East Japan Great Earthquake:Fushima Sou-Sou project Report No.4
In this article, report by a Clinical Psychologist participating this MdM’s project to the Fukushima Sou-Sou area (Minami Souma city, Souma city and Shinchi-mach)
The “Nagomi Mental Health Center for the Soma Greater Area” cooperates in activities twice a month. One of these, the “short break get-together” “Let’s have a little break here” on Saturdays at the Soma-shi Health Center, is designed to give area residents who tend to stay stuck at home an opportunity to get out of the house and discuss their worries and feelings.
“Let’s have a little break here” allows people to consult each other on topics they wish to, and children can also play as there are nursery school teachers to look after them. I participate once a month and so am able to meet with parents and children who come regularly. Children who once were reluctant to separate from their mothers are now able to easily do so, playing with other children. I have been pleased to be able to see this development in front of me.
Activities last for around 2 hours in the morning, and different programs, such as snack time, stretching time, and picture book reading time are selected flexibly. Handicraft making is also done depending on the season, and the staff makes sure to finish the items to a certain point to make them easy for the children and allow them to create items that they can take home with them in a short time.
These activities which I myself have participated in are very fun, but there is something I feel while playing with others.
There is something called a ball pool, a children’s pool where a lot of balls have been placed inside for them to play with. Both children and adults have fun here, mixing the balls and pretending to swim. If this was before the disaster of March 11th, I might shake the pool or make the balls into a wave, saying “it’s a wave! It’s a wave!”to the children. The children like being shaked and such. However, I can’t do that anymore.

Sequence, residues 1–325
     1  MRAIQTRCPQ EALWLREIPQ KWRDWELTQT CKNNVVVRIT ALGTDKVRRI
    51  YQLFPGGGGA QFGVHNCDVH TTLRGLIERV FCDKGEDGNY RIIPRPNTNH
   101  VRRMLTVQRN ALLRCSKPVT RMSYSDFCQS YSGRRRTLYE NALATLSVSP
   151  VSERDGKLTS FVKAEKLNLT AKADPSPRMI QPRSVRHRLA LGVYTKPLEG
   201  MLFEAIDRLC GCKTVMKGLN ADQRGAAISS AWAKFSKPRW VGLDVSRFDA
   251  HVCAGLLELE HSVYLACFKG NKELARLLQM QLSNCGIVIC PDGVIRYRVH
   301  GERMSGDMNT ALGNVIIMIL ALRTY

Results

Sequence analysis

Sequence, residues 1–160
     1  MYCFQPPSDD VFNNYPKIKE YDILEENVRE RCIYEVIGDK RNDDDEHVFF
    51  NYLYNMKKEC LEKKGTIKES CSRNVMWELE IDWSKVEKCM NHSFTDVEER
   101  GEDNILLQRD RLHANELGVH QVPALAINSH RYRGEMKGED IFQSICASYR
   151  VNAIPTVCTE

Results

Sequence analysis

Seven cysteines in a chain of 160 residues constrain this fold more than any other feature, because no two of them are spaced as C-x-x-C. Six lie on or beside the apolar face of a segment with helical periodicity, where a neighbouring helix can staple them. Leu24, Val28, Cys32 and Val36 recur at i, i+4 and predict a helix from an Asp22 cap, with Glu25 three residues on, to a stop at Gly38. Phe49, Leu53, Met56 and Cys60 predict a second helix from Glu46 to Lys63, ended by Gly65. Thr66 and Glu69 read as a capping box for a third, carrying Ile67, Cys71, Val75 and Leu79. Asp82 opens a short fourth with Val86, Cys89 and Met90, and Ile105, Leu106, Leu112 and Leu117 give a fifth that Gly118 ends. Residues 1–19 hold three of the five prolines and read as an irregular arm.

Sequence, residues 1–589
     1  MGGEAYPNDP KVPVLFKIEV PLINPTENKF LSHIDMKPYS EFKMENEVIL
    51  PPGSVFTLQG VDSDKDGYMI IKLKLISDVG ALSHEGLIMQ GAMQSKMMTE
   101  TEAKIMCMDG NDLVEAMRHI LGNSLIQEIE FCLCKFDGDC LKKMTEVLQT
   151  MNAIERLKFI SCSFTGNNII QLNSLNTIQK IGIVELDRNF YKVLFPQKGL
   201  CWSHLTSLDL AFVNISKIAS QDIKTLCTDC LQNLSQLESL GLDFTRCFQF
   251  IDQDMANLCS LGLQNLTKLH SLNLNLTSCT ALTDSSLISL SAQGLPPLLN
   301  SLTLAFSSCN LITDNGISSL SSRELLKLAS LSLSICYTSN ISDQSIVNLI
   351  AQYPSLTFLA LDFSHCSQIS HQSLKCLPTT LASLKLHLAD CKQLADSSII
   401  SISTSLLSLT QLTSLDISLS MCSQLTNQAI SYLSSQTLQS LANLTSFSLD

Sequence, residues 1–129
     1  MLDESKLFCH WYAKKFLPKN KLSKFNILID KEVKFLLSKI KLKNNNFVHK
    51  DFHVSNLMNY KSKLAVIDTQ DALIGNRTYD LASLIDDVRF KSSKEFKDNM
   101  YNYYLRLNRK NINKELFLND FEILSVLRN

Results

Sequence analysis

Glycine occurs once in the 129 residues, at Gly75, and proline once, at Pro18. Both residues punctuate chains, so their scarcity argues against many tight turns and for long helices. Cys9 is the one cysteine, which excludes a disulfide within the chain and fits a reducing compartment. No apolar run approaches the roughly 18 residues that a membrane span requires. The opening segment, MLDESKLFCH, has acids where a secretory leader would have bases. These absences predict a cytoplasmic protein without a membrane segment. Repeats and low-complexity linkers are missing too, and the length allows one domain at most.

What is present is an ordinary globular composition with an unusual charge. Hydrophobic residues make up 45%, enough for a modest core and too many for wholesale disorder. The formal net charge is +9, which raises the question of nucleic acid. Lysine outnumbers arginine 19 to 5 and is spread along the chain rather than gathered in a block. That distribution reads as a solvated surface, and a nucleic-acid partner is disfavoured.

There are some things that concern me too much when I play like this. This is because I worry that I might accidentally say “It’s a wave! It’s a wave!” to the children. I wonder why I am concerned so much by this. It might be because, although I am playing with the kids, I have not directly asked them about their experience with the earthquake.
An earthquake occurred during these activities. It was only magnitude 3, but the sideways swaying causes a loud noise which scared me. The area was fairly calm, and people said that “after experiencing March 11th, this is nothing”. After the earthquake calmed down, a person gave me advice on what to be careful of if an earthquake occurs in the Kanto region. This person completely lost their home in the disaster, but still cared about the volunteers. Not just this person, but as I realized through the activities, there are many people who can care for others even when they are in a difficult situation.
I want to know what is at the root of such feelings. While pondering this, a child suddenly said “Hurray! Hurray!” He was a little ways away from me, so I didn’t understand why he said this right away, but I guessed that he was practicing for the exercise field day without paying attention to the earthquake. However, when the child realized the earthquake, the child apparently said “I’m scared”, and then it seems immediately said “That’s right! “Hurray! Hurray!”A staff member said that this was what the child said to himself “in order to defeat his own fear of earthquakes”, and I realized that even children have their own ways of dealing with earthquakes. Oddly, I can still here these words, “Hurray! Hurray!”even today. Through the activities, I understood little by little the children’s memories of their earthquake experience, and I hope to use this knowledge to continue support in the future.
Ayako Sato, Clinical Psychologist